violence in the work place

  1. Hi, I had an experience I would like to share with my colleagues. I am an NP at the Buffalo, NY VA Hospital. I was actually going for a short break this past Friday, 8/17/01, and watched a man being shot in our parking lot. Then the shooter turned and looked right at me. Thankfully, it was not my day to die. He smirked at me and then he proceeded to walk directly into our hospital. He shot another person who was brave enough to disarm the shooter from his rifle but the shooter also had a knife and proceeded to stab the brave man and then just walked up to another man and stabbed him. I was simply dumbfounded for a second and then rushed to the first man I had seen shot. My friend who was with me, another NP, tended to the first victim and I ran in another entrance to the ER to get a litter and alert security someone was inhouse with a gun. I tried to warn visitors not to go into the hospital. My friend was still in the parking lot when the shooter came out. He walked right behind her and got in his car and drove off. The first victim told her to get the license plate number and this resulted in him being arrested within 20 minutes of the attack.
    I know I have heard 2 or 3 other episodes of this type of violence elsewhere but I am truly wondering just how common it is.
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  2. 7 Comments

  3. by   -jt
    2 yrs ago at my hospital in NYC, a man came into our lobby & shot a secrurity guard.

    Last yr a guy came in & stabbed another in our lobby. An off-duty police officer who happened to be visiting someone & passing thru the lobby wrestled him to the floor & disarmed him.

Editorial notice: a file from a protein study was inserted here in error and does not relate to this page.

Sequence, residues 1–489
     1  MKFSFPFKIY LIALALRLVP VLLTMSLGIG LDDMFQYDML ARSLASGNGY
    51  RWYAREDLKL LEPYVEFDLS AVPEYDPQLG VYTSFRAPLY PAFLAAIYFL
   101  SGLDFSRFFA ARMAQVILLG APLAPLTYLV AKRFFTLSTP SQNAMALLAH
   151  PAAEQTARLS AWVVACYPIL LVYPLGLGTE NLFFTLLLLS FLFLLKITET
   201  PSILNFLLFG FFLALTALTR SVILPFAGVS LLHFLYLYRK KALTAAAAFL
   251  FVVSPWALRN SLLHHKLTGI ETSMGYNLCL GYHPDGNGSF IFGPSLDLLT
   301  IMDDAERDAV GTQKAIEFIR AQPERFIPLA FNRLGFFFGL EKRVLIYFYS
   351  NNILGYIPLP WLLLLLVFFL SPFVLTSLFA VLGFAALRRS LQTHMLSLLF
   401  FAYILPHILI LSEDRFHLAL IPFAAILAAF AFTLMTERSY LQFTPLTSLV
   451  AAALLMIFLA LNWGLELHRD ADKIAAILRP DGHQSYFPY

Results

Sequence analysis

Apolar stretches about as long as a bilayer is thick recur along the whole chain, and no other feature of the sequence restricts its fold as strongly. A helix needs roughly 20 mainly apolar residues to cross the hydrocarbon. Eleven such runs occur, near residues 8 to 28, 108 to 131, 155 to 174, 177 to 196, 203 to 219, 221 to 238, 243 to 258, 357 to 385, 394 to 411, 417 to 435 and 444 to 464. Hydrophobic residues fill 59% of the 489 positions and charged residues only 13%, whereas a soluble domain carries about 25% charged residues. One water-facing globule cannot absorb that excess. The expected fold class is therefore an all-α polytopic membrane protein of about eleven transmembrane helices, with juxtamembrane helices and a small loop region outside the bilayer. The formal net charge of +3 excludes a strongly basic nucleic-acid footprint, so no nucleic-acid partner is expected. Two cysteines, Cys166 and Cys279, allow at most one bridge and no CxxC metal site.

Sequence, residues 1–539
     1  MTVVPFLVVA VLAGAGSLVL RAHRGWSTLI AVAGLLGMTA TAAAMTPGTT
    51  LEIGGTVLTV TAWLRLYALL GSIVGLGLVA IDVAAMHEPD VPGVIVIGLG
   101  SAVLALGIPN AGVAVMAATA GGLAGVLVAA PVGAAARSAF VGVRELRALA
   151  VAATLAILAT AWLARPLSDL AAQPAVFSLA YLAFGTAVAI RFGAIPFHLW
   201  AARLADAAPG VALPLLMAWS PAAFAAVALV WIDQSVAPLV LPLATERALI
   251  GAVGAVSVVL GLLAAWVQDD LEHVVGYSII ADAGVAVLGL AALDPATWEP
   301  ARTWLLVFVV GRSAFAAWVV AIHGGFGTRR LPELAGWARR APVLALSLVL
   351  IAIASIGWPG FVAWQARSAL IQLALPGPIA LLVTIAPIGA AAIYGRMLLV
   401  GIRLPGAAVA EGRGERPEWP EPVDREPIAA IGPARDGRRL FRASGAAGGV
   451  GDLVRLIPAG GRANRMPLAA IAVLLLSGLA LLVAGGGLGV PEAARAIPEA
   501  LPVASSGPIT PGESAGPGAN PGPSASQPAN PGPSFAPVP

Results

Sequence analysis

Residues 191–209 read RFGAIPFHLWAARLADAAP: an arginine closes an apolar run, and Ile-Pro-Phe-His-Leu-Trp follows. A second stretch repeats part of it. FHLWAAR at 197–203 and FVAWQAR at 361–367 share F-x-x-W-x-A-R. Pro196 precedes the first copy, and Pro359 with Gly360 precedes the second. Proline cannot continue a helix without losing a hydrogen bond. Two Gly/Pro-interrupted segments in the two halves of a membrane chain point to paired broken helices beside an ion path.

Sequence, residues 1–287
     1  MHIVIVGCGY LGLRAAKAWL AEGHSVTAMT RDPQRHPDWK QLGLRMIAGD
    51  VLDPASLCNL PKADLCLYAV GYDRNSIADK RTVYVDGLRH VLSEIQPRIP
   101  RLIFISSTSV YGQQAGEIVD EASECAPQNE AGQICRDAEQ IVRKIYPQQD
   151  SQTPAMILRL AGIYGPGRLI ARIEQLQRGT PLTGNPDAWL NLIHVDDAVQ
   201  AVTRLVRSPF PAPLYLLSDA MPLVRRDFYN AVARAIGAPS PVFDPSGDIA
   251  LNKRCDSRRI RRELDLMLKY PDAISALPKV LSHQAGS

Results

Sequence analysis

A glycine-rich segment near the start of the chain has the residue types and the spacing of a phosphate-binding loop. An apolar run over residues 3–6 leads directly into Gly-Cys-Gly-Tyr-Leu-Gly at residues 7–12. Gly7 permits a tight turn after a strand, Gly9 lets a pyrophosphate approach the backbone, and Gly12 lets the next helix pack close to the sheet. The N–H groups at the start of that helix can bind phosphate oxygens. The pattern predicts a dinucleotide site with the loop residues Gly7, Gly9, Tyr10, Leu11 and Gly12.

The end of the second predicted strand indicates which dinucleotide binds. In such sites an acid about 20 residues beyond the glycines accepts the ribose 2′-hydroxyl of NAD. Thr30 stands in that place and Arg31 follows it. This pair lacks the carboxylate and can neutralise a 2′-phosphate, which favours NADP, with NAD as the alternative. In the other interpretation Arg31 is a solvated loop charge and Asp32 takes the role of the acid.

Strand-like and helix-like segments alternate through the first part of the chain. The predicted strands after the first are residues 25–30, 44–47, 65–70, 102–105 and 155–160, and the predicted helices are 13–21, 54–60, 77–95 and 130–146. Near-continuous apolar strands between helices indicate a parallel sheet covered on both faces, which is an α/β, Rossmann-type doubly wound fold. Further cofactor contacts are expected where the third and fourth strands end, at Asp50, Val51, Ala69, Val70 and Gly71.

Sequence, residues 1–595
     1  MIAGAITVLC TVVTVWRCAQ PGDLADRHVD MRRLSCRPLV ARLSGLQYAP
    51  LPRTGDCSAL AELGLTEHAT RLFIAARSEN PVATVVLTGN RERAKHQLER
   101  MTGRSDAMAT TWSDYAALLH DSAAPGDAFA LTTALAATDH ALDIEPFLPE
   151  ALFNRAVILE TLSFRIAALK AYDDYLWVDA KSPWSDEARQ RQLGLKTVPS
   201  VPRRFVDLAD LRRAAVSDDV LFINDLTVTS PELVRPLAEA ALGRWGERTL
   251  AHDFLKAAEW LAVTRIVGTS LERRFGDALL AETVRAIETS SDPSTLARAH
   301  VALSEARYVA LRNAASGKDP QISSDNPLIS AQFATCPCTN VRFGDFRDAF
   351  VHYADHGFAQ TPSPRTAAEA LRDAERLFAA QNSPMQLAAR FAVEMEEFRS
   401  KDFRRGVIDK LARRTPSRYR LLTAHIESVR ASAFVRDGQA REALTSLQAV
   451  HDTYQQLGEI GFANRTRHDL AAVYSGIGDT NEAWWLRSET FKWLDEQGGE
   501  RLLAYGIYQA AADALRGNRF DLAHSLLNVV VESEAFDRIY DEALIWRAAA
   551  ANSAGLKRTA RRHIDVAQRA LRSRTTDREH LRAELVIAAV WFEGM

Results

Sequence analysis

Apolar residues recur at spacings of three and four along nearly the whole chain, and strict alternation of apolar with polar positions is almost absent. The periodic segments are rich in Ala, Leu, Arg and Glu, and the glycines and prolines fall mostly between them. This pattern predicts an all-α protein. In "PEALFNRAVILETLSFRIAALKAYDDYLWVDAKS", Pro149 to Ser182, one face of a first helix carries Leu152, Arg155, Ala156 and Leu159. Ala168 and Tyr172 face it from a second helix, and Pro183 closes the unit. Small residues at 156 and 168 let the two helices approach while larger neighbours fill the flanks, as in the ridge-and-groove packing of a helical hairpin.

Last month, a woman went into the maternity & stabbed a post-partum pt - because she had just given birth to the child of this woman's boyfriend.

    Workplace violence is prevalent in our profession. So much so that it is a focus for legislation that would protect us better......

    See:
    Workplace Violence - http://www.ana.org/dlwa/osh/violence.htm

    Occupational Safety - http://www.ana.org/dlwa/osh/

    "Violent behaviors toward health care workers by hospitalized medical, surgical, psychiatric and nursing home patients are well-documented. Yet, the problem is considered to be under-reported. Emergency department health care workers and those in psychiatric settings seem to be most at risk. A clearer study of the cause and impact of workplace violence is needed......"

    "ANA/NursingWorld.org Launches Workplace Health and Safety Online Survey for Nurses........" http://www.ana.org/pressrel/2001/pr0711b.htm
  4. by   -jt
    "OSHA conference on Reducing Workplace Violence

    Commission on Workplace Advocacy Member Key Speaker at OSHA Conference
    8/16/01

    Vicki Carroll, RN, MSN will be a keynote speaker at the September 25th-26th OSHA conference Reducing Workplace Violence in Psychiatric Facilities: Cost Effective Strategies That Succeed. The conference is targeted for chief executive officers, senior managers, and risk managers but all Nurses who are interested in the issue of workplace violence are encouraged to attend. The location is in Fort Lauderdale, Florida at the Embassy Suites Hotel. Registration is free, but space is limited. The deadline for registration is September 5th.

    The goal of this conference is to find ways that employers and employees can develop and implement strategies to reduce worker exposure to conditions that can lead to injury and death. The conference will use real-life examples to focus on approaches for reducing worker risks and lowering costs, both human and financial.

    Karen Worthington, RN, MSN, American Nurses Association Senior Occupational Health and Safety Specialist, participated in the planning of this conference. To learn more about the conference visit the OSHA website: